Q: What options do I have to ensure my terminally ill grandmother is receiving the best possible care during the end stage of her life. My grandmother is under hospice and living at my Uncles house in South East Florida. I am in PA. My mother was living there up until this week assisting the Hospice care team with the care of my grandmother. Not certain of the details but according to my mother, my uncle was violent with her and called the police to have my mother removed from the home. My Uncle claims to have POA over my grandmother although I have no idea if this is true or not. My mother claims he does not. I do not believe my grandmother has been deemed incapacitated, although again I have no way of finding out. I do know that she is of sound mind, but she is very weak and highly immobile as we have spoken. I am concerned I will not be able to see my Grandmother before she passes and I am really concerned about her quality of life.
A: This is more of a family dynamic problem than a legal problem. I would highly suggest trying to talk to your uncle and express your concerns. You may want to call the Hospice team and see if they will help convey your concern, but don’t count on them wanting to get involved in a family dispute. If you have to go legal, you can call the department of aging or social services agency in that county and see if they do home visits for the elderly. You can also seek a lawyer down there to advise you on what services are available and perhaps on what legal actions he can take such as a letter to your uncle expressing your concerns and requesting a copy of the POA. He can also advise you on the law of guardianships in Florida.
Q. Is it possible that i can become my aunt power of attorney? Her mental state of mind is going downhill and she has no children. The friend that she was staying with just recently died. He was the one that took care of her. Helped her pay her bills and keep up with her hygiene. Right now she is staying with me but i don’t feel as though I am capable of taking care of her myself.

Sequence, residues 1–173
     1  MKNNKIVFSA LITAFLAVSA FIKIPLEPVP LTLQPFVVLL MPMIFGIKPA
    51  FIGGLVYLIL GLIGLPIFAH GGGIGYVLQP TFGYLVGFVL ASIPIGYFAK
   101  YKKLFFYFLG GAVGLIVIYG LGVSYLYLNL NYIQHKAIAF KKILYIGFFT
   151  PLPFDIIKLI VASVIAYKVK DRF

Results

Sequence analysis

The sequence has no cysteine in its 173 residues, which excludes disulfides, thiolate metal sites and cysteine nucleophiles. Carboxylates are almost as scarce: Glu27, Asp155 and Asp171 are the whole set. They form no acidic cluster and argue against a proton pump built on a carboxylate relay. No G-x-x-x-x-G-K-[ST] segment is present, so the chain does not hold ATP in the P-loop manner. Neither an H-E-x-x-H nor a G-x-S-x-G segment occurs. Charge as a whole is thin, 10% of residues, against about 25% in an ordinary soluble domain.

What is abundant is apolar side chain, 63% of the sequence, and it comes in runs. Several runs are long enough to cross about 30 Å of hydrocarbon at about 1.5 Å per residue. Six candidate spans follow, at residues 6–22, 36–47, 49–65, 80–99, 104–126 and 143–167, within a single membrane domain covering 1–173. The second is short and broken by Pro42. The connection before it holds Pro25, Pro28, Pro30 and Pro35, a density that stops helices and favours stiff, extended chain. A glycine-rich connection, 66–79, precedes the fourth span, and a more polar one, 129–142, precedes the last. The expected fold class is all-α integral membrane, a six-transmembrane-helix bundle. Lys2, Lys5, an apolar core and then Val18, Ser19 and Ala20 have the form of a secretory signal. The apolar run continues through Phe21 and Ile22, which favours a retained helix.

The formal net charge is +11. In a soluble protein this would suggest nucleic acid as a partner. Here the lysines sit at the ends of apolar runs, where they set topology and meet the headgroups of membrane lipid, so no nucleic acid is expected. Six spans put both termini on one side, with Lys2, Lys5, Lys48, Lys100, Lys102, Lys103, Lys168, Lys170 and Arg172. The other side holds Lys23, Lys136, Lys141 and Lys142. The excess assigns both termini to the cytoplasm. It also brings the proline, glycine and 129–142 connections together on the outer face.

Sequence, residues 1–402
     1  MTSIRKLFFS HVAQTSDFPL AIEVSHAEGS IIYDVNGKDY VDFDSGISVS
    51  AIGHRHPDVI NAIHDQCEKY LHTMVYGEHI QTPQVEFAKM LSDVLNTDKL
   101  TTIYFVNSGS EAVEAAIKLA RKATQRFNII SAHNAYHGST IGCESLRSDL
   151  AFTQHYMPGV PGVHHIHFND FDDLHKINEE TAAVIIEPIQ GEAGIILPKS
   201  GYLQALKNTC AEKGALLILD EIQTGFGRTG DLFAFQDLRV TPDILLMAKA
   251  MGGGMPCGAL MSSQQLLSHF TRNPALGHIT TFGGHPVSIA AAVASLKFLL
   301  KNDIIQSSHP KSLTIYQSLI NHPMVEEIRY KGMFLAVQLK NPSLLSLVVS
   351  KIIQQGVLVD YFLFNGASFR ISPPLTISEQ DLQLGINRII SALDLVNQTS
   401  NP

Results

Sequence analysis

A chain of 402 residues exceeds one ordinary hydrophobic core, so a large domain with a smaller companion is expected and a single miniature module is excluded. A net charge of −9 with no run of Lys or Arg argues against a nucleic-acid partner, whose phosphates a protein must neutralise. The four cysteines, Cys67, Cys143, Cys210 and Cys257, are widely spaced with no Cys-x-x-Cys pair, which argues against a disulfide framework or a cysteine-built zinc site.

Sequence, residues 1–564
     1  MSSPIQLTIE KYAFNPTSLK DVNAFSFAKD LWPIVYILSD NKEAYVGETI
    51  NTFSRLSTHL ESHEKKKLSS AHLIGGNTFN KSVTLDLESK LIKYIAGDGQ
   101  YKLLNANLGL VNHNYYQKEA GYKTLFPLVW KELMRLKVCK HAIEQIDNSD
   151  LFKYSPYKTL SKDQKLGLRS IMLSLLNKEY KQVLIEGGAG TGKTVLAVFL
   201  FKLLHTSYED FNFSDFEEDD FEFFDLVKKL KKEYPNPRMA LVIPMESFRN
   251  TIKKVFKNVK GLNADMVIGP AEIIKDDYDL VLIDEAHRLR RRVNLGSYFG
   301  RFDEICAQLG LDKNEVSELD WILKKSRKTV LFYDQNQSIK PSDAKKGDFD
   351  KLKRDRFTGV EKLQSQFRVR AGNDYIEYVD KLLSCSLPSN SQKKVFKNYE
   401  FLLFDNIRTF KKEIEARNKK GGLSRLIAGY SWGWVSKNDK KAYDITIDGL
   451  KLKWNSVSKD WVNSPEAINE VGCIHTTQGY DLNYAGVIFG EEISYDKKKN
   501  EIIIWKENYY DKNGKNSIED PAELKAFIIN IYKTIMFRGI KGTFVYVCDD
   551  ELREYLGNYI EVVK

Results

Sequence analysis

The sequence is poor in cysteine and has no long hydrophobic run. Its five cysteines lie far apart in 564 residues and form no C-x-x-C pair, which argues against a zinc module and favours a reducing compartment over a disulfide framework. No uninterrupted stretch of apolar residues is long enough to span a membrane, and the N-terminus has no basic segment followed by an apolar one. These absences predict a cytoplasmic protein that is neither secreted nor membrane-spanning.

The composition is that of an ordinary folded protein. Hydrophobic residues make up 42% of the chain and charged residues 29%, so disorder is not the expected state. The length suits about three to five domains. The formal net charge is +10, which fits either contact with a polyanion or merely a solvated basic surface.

A. Yes, I assume you can become the agent on a Power of Attorney for your aunt, unless there is some reason you cannot. A General Durable Power of Attorney (GDPOA) is probably recommended but you really need to sit down with an attorney and discuss all of the facts. She needs to be mentally competent to sign a GPOA. Don’t wait longer to do so, as her condition may deteriorate and render her incompetent to sign. You may also need to contact the Department of Aging to see what help you can get. An attorney can also advise you about applying for Medicaid if she has insufficient money to pay for her care.
Q. A year ago my mom fell and broke her femur, I also think there is more health issues. She cannot live alone anymore. I’ve been with her seven months it was to be one month only, she doesn’t want a nurse and she doesn’t want to sell her home. I have my own family to go home to, I need help please. I don’t know what to do anymore she is being very selfish and uncaring of me and my family. she wants what she wants. Can you please help me.
A. I would consult with a local elder law attorney. You have no obligation to take on such a role, especially if it is detrimental to your health. Dealing with aging parents can be frustrating, time consuming and can cause stress. You can call the Department of Aging for assistance, but that may not be the best answer. If she is competent, you could get a Power of Attorney from her and make decisions that are in her best interest. For example, you could hire in home care at first to see how that works before moving her into an assisted living situation.